If you're working for a company, is there a standards manual, or something jotted up saying "this is how we want things to be coded"? Yes, it's kinda Dictatorial, but it helps keep things "neat". ---Now, if you do not have one at your company, be proactive, talk to a few higher ups if they think it'd be useful, tactfully get them to delegate it to yourself and then make it. Get some brownie points and a good thing for your resume ---
There's ton's of books on the subject, blogs, pod casts, and probably a radio station somewhere.... that all talk about this subject.
But the #1 thing you will get from people is: Do not put many operations on the same line!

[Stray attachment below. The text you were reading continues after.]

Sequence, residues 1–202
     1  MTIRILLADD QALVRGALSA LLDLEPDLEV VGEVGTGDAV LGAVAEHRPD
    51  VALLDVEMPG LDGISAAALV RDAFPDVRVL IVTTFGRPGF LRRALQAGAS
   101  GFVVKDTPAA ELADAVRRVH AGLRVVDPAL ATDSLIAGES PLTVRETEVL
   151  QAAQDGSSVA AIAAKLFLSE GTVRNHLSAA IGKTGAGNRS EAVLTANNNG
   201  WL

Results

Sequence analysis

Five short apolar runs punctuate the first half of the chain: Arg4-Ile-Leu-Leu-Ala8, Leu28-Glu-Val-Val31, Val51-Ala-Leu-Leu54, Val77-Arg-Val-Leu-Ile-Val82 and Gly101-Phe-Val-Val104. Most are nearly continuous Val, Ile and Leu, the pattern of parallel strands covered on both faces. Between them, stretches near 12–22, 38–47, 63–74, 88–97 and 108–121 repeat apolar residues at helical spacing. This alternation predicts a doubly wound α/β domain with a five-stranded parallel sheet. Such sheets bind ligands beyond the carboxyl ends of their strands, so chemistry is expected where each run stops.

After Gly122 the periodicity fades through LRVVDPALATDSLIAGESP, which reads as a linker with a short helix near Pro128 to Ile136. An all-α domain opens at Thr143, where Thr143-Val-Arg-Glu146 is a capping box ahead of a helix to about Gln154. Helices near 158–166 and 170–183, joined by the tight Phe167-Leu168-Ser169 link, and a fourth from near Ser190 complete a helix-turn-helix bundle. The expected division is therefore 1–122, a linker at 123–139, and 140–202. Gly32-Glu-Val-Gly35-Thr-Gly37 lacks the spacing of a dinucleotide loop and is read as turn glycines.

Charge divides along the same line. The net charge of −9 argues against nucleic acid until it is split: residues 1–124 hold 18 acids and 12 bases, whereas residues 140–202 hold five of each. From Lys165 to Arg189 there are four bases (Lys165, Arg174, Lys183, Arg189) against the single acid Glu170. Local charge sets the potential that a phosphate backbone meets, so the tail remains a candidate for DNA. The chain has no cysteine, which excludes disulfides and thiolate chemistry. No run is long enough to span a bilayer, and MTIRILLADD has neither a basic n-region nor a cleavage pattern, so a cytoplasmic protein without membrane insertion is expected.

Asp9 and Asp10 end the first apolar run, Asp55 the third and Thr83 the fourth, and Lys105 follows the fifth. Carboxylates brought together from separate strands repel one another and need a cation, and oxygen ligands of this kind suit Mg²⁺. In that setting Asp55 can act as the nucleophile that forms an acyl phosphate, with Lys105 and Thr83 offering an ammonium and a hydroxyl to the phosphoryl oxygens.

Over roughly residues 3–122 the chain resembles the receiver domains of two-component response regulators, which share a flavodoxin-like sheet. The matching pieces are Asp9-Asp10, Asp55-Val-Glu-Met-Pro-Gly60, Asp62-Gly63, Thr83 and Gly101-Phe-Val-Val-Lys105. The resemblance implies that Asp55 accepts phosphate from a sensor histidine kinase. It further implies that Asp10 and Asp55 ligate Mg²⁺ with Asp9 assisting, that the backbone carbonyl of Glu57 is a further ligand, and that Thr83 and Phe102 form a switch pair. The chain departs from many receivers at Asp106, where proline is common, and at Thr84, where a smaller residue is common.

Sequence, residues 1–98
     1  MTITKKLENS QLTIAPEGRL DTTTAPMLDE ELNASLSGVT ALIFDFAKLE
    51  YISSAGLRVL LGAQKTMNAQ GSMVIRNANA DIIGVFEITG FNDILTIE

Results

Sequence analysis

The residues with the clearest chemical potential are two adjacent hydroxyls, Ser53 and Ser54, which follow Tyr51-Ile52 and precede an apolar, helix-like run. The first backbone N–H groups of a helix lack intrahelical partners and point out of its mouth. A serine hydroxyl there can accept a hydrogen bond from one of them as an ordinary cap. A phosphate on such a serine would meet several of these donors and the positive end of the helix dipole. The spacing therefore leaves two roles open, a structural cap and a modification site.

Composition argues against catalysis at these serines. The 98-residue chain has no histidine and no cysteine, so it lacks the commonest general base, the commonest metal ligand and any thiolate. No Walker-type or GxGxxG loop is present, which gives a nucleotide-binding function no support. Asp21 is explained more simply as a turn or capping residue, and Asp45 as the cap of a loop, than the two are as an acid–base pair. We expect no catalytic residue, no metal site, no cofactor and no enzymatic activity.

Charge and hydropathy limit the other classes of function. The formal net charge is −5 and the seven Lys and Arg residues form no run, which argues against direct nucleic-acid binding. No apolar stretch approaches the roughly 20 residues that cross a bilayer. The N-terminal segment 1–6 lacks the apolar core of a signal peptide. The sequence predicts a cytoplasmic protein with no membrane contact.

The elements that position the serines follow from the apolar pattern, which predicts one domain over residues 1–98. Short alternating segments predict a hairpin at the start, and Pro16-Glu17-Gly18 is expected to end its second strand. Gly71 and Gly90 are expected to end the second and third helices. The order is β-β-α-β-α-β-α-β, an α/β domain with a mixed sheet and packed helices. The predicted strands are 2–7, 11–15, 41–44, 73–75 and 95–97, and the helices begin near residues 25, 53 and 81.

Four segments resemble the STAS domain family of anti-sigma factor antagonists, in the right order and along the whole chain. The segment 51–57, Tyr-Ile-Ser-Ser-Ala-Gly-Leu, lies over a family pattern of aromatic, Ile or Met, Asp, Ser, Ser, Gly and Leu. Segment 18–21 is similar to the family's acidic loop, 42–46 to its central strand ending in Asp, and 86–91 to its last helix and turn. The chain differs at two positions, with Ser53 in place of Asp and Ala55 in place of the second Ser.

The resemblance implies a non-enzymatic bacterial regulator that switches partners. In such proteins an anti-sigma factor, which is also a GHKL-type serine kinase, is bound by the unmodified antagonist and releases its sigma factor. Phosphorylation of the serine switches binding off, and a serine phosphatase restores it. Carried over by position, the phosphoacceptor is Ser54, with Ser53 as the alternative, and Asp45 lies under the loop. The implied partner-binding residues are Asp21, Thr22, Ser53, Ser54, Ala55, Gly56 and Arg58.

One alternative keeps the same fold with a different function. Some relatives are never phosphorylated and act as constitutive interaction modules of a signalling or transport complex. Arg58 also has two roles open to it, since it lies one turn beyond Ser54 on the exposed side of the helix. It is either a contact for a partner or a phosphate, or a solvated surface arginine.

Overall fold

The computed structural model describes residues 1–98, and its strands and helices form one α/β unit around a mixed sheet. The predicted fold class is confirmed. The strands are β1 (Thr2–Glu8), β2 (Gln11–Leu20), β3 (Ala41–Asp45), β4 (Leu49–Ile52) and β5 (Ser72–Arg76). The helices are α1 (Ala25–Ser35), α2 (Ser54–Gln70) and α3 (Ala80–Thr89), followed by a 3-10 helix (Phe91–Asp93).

How many times do you look at a script and see a kerfuffle of statements/commands/initiators/setters/getters on one line. Or 4 nested ternary statements.
Sure, it "looks" cool if you're 15, but it is counter productive, not intuitive and not helpful. (yes this is a sour point). Code/Script is supposed to be maintainable. The biggest cost to some companies is maintenance on a product. When you go back to something years/months/days/hours after something is written, you want to be able to understand it without having to tape your eye lids open.
Here's a couple good articles I've read about this. They're not the most up-to-date but the information in them is still strong.